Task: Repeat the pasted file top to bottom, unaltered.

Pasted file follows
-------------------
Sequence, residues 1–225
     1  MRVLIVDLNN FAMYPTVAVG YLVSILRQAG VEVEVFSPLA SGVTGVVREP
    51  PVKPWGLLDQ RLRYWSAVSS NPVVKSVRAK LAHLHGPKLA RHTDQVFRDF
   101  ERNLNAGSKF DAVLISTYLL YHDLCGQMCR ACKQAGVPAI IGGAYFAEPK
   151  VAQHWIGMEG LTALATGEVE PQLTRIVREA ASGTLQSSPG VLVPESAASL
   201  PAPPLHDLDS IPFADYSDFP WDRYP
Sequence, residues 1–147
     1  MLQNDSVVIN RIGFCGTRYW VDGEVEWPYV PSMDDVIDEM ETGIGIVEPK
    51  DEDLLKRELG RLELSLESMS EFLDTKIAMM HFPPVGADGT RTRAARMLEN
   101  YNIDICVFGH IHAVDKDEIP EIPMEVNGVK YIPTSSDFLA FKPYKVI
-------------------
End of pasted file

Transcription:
Sequence, residues 1–225
     1  MRVLIVDLNN FAMYPTVAVG YLVSILRQAG VEVEVFSPLA SGVTGVVREP
    51  PVKPWGLLDQ RLRYWSAVSS NPVVKSVRAK LAHLHGPKLA RHTDQVFRDF
   101  ERNLNAGSKF DAVLISTYLL YHDLCGQMCR ACKQAGVPAI IGGAYFAEPK
   151  VAQHWIGMEG LTALATGEVE PQLTRIVREA ASGTLQSSPG VLVPESAASL
   201  PAPPLHDLDS IPFADYSDFP WDRYP
Sequence, residues 1–147
     1  MLQNDSVVIN RIGFCGTRYW VDGEVEWPYV PSMDDVIDEM ETGIGIVEPK
    51  DEDLLKRELG RLELSLESMS EFLDTKIAMM HFPPVGADGT RTRAARMLEN
   101  YNIDICVFGH IHAVDKDEIP EIPMEVNGVK YIPTSSDFLA FKPYKVI